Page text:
Riots, chaos and Mob Rule in France; an interview with Essayist Jérôme Blanchet-Gravel

This interview was conducted by Simon Leduc with Jérôme Blanchet-Gravel, an author and journalist based in Québec City. Jérôme writes for Sputnik, Causeur and holds a radio column at Qub Radio. He is the author of two well-acclaimed books.

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Q : For some time now, France has been hit hard by domestic violence. What are the causes of these brutal events?

JBG: Obviously, the causes of this unrest are diverse. But if I had to identify two or three main ones, I would say that unrestrained immigration is one of them. It’s not just a cliché that’s repeated in the French media: France’s capacity for integration has been overwhelmed for several years now, and certain immigrant populations cultivate a hatred of their host country that seems unlimited.

The situation is critical. Every week in France, the prospect of civil war is evoked in the media. This is not insignificant: on the contrary, it is symptomatic of the increasingly flagrant tearing apart of the social fabric.

Not only are republican institutions no longer respected by certain groups (the social contract is broken), but the so-called native French are accused of perpetuating colonial practices on their own territory, forcing them to apologize for their daily existence.

In a way, the anti-racist movement helps to justify all this violence and what is politely called “incivilities” by presenting certain aggressors of immigrant origin as victims of the former French colonial system.

You understand this logic which reverses the roles: the culprits would be all “whites” and not the “racialized” criminals, seen as victims of poverty and social exclusion.

It seems to me that a second cause of this violence is more subtle, but just as important: the social anomy that reigns in this country in general, i.e., the loss of reference points (identity, morals, etc.). People no longer always find meaning in their lives.

In his novels, Michel Houellebecq has well depicted this state of mind that characterizes France: it floats a nihilism in the air with pernicious effects. “There is no future in France,” we often hear.

Like several other Western countries, France is struggling with a psychological misery that manifests itself in this violent, barbaric form. With the Covid-19 pandemic, we are moving towards even more atomized, that is, more inhuman societies.

Q: Are multiculturalism and Marxism responsible for the barbaric acts, riots and looting that we are witnessing all over the country?

JBG: As I just said, the failure of integration is the elephant in the room. In France, anti-white racism is an open secret. The decolonial left pretends not to see a phenomenon that it takes pleasure in fuelling.

In my latest book, La Face cachée du multiculturalisme (Éd. du Cerf), I show, among other things, that this ideology has the effect of tribalizing us: it divides us into small groups opposed to each other instead of uniting us around common values.

We constantly talk about living together, but we should rather talk about living apart or living in clans. Multiculturalism in France – which is not official as in Canada, but unofficial – leads to conflicts between communities. A recent example perfectly illustrates the phenomenon.

In mid-August, a group of Chechens organized a “punitive expedition” against a group of North Africans in Lyon: violent clashes between the two rival gangs lasted several days.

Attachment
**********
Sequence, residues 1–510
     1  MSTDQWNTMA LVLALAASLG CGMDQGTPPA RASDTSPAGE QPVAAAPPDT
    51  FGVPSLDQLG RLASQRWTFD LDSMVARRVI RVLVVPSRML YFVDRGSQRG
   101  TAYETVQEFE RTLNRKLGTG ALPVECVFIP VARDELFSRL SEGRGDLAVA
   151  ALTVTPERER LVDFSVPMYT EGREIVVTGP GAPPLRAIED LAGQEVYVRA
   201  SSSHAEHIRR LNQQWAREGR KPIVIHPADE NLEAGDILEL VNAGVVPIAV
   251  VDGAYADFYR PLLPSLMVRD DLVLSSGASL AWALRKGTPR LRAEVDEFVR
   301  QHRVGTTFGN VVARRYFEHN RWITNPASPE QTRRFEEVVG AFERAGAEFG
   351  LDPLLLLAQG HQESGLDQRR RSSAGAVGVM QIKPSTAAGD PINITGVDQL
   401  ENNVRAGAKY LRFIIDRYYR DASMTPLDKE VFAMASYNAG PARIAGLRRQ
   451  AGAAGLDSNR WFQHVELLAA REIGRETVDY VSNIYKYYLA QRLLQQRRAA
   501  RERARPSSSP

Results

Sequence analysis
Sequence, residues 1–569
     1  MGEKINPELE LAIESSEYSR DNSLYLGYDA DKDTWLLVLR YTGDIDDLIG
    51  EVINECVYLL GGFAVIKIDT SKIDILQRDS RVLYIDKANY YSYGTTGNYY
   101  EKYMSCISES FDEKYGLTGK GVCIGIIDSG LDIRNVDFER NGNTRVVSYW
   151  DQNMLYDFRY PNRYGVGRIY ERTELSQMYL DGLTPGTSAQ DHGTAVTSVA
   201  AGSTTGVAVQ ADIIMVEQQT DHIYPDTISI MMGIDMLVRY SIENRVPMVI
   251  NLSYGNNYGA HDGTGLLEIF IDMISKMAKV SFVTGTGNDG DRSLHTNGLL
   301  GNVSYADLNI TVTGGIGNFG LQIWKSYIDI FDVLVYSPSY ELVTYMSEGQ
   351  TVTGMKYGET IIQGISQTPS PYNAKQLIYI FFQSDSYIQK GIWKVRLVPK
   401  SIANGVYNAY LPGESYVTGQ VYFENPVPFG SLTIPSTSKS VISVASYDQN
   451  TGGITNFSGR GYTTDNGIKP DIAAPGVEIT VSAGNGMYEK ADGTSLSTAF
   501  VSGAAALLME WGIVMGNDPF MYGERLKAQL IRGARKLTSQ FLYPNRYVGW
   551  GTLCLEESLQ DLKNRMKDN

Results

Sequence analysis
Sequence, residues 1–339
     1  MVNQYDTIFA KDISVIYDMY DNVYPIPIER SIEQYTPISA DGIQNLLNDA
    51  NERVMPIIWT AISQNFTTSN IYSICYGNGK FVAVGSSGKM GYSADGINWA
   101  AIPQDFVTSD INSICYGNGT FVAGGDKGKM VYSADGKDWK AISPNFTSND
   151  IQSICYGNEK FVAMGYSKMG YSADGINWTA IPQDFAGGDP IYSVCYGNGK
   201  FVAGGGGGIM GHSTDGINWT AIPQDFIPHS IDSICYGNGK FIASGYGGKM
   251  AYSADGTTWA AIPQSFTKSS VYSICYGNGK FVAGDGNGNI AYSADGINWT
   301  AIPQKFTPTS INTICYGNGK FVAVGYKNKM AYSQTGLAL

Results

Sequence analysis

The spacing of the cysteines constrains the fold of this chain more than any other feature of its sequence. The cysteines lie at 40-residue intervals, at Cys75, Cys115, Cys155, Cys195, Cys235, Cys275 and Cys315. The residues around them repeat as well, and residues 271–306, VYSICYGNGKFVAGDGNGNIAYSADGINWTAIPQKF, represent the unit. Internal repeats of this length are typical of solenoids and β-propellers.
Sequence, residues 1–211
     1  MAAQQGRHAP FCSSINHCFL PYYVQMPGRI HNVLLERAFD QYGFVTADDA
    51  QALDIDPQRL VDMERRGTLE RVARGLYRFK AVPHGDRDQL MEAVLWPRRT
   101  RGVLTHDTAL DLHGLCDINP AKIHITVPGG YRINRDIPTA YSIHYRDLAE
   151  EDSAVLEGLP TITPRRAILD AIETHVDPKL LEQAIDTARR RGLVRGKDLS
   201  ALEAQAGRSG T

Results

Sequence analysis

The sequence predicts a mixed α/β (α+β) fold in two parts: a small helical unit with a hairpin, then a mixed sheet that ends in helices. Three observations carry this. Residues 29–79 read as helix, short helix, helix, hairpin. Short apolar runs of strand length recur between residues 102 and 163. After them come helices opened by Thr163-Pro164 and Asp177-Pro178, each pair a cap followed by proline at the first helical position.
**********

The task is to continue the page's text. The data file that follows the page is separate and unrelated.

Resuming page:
The Republic is no longer in a position to enforce its laws and ensure its own influence. As the sociologist Michel Maffesoli aptly expresses it, it is no longer “the law of the Father” that is universal, but “the law of the brothers”, that of the tribes.

Q: What will be the consequences of all this violence for France?

JBG: Obviously, the future of this country is at stake. If the violent acts continue to multiply, it is clear that we will begin to see the effects on the economy. The climate is not conducive to the pursuit of a strong economy, especially since France is increasingly appearing as an open-air museum and not as a country in the vanguard.

France is in danger of doing what Houellebecq predicted in his Elementary Particles in 1998: that it will increasingly become a “middle-poor” country.

Every day, French people think of leaving their country for another: exile is very fashionable.

This extremely unhealthy climate could obviously lead to increasingly violent confrontations. Some observers would like the army to intervene in certain so-called sensitive neighbourhoods, but media pressure is far from conducive to this kind of operation. Accusations of racism come very quickly.

There is nothing more tragic than to see a country like France sink into this chaos. The situation is unworthy of its glorious history and its great institutions.

There is nothing more tragic than to see a country like France sink into this chaos. The situation is unworthy of its glorious history and its great institutions.

Q: Do you think Marine Le Pen has a chance of becoming President of France in May 2022?

JBG: Good question. Quite frankly, I couldn’t say. The Rassemblement National is the only political force currently capable of competing with Emmanuel Macron’s, but it seems to me that the name Marine Le Pen is still too closely associated with her father.

The mainstream media are also fiercely opposed to Ms. Le Pen, which accentuates the crisis of representation and encourages the rise of populism. Since the Yellow Vests, the popular electorate is also increasingly preoccupied with strictly economic issues.

The Rassemblement National would have to come up with a program to address all these new concerns, which is not easy because they are not expressed by such a homogeneous mass.

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